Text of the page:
“I don’t know much about the grocery store business, but from what [City Manager] Brian Johnson was telling us, they’ve got about twice as much space as they’d like. Apparently, the thing in grocery stores now is smaller,” said Wright. “This might be an opportunity to redesign the whole place.”

There has been some interest in a housing component. Although Wright hasn’t polled his fellow city councilmembers, he believes it could be approved for residential zoning.

“It would be a mixed-use development, and lately we’ve approved all these apartment developments, so we might not need more for a while,” said Wright.

Johnson showed several different concepts that he thought the landowners might be interested in. One idea that caught Wright’s attention was senior living. 

“I know we’ve got Waterside, but it’s very expensive to get in there. And the other thing about Waterside is you can’t really walk anywhere from there except these trails along the river,” he said.

Senior housing as part of a mixed-use development, with amenities like a grocery store, restaurants, a pharmacy, etc., could fill a current void, said Wright.

“All the new developments like retail right up on the road versus a big parking lot in the front. That’s the trend right now,” said Wright. “Then, behind that would be some parking and also a large senior component.”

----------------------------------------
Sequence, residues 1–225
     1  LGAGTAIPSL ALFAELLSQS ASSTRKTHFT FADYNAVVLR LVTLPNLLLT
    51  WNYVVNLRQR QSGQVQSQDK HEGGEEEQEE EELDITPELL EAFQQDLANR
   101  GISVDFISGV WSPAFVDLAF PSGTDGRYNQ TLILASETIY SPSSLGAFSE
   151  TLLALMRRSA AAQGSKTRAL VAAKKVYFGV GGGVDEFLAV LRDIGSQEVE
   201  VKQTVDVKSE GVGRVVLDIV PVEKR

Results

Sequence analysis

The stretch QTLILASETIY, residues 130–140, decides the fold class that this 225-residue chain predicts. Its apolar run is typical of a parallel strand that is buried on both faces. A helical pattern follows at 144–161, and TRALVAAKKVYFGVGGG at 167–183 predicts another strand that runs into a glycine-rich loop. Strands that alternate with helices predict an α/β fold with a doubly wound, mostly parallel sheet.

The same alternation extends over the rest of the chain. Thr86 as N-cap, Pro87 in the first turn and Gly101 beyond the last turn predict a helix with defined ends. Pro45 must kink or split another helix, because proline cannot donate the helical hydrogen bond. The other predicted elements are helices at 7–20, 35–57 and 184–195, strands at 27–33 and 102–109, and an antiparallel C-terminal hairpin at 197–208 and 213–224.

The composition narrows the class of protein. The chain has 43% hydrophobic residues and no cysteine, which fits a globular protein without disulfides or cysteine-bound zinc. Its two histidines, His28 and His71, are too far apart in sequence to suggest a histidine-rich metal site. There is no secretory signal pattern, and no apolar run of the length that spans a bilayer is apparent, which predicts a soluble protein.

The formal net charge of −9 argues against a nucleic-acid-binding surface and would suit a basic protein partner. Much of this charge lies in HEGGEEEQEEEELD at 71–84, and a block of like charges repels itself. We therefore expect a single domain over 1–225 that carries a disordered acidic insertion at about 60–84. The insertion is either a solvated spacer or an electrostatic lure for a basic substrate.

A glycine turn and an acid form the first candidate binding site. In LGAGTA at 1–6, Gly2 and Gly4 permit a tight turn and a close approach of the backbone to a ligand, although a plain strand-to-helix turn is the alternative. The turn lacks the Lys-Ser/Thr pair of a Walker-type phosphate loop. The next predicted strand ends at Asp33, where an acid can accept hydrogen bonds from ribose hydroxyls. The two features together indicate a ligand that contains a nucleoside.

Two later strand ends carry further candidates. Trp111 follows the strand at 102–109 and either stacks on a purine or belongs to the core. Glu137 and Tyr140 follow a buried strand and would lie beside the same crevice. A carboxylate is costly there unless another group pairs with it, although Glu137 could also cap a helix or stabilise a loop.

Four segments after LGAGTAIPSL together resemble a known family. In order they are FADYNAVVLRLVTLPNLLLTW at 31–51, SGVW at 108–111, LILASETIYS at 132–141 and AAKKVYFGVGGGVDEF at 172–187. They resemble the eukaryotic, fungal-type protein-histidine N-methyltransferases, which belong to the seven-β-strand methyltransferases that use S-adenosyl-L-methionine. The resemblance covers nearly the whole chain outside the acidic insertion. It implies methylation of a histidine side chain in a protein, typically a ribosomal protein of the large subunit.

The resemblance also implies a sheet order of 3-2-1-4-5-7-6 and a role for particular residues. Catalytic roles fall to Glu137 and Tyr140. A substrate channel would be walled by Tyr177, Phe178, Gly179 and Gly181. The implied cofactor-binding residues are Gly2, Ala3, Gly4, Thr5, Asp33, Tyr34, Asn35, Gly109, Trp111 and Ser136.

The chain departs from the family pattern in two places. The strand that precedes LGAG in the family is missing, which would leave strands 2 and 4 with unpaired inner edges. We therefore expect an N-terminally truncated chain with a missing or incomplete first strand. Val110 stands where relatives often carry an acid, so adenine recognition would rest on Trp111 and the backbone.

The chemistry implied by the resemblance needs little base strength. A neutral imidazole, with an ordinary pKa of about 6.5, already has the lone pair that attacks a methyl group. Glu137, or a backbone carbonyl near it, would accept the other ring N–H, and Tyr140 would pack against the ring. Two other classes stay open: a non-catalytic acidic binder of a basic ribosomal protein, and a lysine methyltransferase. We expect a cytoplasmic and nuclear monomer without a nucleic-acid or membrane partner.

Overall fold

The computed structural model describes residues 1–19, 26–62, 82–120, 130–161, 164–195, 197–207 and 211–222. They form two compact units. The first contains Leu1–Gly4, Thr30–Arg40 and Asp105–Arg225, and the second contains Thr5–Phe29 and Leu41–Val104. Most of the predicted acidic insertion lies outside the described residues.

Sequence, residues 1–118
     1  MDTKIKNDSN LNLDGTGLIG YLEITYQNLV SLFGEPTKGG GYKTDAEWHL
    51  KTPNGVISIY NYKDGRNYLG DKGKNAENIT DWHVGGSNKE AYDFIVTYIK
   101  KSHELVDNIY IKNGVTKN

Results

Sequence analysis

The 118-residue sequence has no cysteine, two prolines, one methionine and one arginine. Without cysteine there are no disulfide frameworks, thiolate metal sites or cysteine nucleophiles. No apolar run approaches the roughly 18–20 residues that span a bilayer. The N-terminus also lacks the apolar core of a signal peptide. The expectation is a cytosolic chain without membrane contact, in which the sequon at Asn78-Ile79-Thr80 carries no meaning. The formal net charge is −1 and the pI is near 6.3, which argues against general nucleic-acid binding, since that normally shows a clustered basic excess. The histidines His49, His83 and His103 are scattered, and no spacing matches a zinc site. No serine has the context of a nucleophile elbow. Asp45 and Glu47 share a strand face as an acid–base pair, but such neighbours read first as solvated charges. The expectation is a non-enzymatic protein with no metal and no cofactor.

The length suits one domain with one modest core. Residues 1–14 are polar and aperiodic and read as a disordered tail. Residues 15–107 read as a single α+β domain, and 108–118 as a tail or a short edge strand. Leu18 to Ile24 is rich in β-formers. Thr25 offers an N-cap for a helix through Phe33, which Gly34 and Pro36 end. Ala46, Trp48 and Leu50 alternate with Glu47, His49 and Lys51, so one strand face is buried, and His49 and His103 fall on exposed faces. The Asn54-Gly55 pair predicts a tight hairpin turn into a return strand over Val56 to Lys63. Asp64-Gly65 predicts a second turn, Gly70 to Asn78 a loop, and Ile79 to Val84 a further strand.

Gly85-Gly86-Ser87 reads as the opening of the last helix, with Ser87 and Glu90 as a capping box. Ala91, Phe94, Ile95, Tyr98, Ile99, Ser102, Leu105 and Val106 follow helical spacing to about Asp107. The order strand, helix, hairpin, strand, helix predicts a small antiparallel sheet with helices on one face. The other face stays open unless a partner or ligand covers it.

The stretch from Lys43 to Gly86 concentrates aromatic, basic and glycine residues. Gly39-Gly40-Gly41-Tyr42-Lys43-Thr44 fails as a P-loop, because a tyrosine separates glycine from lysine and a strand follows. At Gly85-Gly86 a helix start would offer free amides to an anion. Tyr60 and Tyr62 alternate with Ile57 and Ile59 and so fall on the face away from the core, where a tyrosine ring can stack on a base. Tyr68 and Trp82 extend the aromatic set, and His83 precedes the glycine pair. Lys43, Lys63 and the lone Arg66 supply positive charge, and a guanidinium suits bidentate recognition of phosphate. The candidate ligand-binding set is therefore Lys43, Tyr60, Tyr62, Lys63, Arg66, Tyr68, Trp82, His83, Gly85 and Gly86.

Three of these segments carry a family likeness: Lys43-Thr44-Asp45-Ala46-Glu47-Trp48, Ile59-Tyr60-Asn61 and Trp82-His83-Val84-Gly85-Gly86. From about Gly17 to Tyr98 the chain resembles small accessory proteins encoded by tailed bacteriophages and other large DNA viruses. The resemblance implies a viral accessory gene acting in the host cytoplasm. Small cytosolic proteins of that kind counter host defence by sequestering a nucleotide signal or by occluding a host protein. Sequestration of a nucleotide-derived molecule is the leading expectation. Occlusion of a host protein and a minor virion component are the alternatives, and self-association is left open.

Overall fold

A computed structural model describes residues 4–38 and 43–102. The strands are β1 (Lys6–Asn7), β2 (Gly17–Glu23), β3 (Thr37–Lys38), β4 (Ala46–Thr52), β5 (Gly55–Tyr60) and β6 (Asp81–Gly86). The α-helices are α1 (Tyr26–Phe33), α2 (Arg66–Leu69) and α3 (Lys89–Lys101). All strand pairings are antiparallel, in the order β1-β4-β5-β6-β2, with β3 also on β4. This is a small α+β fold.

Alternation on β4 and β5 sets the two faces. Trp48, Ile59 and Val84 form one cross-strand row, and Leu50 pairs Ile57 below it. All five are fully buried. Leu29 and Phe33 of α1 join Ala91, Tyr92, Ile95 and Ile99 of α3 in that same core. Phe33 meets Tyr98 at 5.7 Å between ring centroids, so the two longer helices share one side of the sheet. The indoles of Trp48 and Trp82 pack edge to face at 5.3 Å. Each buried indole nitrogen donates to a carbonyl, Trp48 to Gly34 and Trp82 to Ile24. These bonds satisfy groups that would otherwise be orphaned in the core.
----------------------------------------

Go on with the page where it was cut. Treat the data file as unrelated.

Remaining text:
Still in concept phase

Will there be a new senior housing development on Peachtree Parkway? Will the Ingles Market take on a smaller footprint? None of these concepts have gotten past the conversation stage, said Wright, but he’s excited about what could come for Peachtree Corners.

“These decisions don’t come lightly. These plans tell developers we’re interested in more housing, more dense housing, more affordable housing,” said Wright. “But many of them are presenting rental housing, and from the public input, we hear a desire for a more balanced and also diverse housing stock with ownership options.”

NOTE: This article has been updated on July 27, 2023, at 4:36 pm.